WHEN Lau Kai Fai, his wife and teenage son moved into their new flat in Hong Kong last month, he thought the 290 square feet (sq ft) of space in his "module home" felt like "winning the lottery".
Among the first Hong Kong residents to move into such pre-fabricated dwellings, built as a transition for people awaiting public housing, his family more than tripled the space they used to call home. Now, they sit together for meals, instead of eating in turns.
While tiny by the standards of many cities in rich countries, the new home represents a big - even if temporary - step up for Mr Lau, 70, in one of the most crowded urban areas in the world. "It feels like a home," he said. "The previous flat was only a place to sleep."
He is the beneficiary of Hong Kong's latest initiative to ease a housing shortage; more than 200,000 people are living in subdivided flats, waiting an average of 51/2 years to get public housing.
Transitional homes are built on idle land leased by the government or private developers for only a few years, and these prefab modules can be moved and reused.
The 2018 plan only scratches the surface of the needs of one of the world's most unequal cities. More than a million of the 7.5 million people in Hong Kong live in poverty. As of June, 800 transitional homes had been built, of the 15,000 planned over the next three years.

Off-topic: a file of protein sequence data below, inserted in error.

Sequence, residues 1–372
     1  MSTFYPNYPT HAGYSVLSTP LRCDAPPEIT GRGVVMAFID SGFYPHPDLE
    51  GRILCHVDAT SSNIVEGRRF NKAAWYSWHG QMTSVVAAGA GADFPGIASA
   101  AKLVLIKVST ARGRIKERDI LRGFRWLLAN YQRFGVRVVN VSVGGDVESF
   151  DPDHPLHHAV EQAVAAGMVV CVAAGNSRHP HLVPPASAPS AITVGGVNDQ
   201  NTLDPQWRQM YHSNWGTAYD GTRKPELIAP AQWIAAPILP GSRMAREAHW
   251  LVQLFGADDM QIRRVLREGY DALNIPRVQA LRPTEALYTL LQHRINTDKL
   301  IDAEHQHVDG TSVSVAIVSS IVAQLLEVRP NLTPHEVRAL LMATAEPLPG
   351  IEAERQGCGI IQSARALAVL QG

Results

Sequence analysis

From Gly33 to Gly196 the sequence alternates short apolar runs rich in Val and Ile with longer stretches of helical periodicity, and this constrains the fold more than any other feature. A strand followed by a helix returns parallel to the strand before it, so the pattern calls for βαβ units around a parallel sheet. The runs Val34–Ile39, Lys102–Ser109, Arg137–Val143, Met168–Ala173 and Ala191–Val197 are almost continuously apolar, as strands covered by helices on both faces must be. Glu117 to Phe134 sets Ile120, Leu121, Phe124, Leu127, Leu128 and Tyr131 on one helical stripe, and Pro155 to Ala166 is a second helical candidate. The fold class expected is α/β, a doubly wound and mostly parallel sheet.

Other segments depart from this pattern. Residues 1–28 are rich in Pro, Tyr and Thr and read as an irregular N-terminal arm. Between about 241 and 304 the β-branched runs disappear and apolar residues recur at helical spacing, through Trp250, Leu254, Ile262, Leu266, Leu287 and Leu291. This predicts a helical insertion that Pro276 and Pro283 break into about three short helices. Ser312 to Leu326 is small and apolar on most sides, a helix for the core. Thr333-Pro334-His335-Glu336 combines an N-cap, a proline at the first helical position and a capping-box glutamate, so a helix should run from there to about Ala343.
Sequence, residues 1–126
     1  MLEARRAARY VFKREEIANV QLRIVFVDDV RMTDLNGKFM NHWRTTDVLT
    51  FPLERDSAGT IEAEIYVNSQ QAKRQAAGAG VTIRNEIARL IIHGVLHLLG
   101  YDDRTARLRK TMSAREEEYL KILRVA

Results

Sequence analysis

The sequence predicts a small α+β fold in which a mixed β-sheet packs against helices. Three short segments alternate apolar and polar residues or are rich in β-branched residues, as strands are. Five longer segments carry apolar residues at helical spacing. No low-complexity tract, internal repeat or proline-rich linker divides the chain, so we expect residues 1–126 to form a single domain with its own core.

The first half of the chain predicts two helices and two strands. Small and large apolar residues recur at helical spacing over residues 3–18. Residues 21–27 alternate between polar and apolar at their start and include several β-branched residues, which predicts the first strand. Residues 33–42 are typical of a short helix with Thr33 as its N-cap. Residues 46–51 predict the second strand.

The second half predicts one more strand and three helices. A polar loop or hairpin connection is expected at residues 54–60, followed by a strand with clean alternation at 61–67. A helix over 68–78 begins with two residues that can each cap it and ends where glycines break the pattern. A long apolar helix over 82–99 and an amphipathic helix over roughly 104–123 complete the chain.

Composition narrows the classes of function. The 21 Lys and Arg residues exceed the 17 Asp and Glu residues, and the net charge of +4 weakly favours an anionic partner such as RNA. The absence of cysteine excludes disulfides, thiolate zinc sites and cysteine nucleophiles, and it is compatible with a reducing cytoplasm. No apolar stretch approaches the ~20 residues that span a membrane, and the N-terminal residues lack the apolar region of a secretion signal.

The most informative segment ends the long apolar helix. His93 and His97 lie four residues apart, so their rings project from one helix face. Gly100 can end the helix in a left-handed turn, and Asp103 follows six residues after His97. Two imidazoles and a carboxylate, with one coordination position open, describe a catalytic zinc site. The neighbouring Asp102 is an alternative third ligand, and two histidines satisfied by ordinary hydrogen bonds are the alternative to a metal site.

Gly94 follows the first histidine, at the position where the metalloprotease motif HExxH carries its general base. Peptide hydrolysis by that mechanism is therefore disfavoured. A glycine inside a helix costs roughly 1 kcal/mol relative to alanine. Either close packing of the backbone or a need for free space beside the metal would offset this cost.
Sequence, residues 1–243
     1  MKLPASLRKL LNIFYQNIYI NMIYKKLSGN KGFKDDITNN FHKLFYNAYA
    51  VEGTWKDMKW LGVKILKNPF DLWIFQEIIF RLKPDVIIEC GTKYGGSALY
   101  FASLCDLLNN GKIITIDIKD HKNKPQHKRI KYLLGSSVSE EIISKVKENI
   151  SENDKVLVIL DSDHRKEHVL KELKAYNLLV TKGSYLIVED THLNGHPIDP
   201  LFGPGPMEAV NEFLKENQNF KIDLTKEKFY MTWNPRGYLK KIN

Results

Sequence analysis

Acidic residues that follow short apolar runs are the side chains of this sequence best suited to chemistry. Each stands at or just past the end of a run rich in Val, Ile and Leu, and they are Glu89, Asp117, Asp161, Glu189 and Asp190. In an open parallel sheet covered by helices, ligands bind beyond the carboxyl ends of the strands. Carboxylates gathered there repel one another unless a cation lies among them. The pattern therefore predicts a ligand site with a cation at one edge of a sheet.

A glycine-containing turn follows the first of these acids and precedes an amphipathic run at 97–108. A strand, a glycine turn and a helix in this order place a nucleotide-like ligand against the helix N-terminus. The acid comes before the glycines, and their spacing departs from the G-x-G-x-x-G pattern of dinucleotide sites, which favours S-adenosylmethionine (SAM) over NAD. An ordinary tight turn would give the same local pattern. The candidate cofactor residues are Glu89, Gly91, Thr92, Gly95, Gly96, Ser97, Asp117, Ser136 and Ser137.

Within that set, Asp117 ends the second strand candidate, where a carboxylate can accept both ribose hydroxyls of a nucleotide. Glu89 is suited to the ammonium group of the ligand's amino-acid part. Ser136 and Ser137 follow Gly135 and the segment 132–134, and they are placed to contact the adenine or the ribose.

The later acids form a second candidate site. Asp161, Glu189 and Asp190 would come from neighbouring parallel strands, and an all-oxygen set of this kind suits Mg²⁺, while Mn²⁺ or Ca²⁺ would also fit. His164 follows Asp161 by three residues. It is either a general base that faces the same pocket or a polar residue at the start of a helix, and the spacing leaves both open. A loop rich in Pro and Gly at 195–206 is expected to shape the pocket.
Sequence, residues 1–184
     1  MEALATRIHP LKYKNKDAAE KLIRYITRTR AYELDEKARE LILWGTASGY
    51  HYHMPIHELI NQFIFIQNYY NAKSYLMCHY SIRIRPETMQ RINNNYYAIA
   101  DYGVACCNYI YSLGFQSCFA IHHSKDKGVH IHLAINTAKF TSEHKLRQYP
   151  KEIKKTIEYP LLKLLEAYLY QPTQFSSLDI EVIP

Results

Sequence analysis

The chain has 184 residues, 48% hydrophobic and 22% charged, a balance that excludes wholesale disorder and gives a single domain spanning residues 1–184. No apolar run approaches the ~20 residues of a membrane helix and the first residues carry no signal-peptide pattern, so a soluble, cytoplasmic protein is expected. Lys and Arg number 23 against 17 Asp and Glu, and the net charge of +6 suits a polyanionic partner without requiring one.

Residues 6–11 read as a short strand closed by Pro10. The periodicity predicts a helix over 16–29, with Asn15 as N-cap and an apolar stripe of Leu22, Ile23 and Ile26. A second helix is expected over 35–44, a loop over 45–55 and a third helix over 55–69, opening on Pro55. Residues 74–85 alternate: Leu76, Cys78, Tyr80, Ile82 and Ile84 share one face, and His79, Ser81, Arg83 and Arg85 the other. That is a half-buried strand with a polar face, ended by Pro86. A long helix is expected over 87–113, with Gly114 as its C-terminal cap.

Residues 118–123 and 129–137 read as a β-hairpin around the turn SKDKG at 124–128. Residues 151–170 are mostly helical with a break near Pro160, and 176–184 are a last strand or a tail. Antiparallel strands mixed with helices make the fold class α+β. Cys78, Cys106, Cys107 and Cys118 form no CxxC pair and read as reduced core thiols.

But for the Lau family, the flat in a four-storey building in one of the oldest and poorest districts in central Kowloon is luxury. Their previous flat, one of many in Hong Kong dubbed "coffin homes", had cost around HK$5,000 (S$883.95) a month in rent.
Now the family pays HK$3,000 - 25 per cent of the income of the retired Mr Lau's wife, Tian Jiayu, the family breadwinner who works in a supermarket. They finally have a place where their son does his homework at a desk rather than in bed.
Lack of land and money are challenges to building more transitional homes. Non-governmental organisations (NGOs) say the government is not doing enough.
Chief executive Carrie Lam is under pressure for housing solutions, including shoring up the transitional housing scheme. Sze Lai Shan, community organiser at the Society for Community Organisation, said: "The problem is the government is acting like a middleman rather than taking the responsibility to develop it. They are relying on NGOs and developers to do that." REUTERS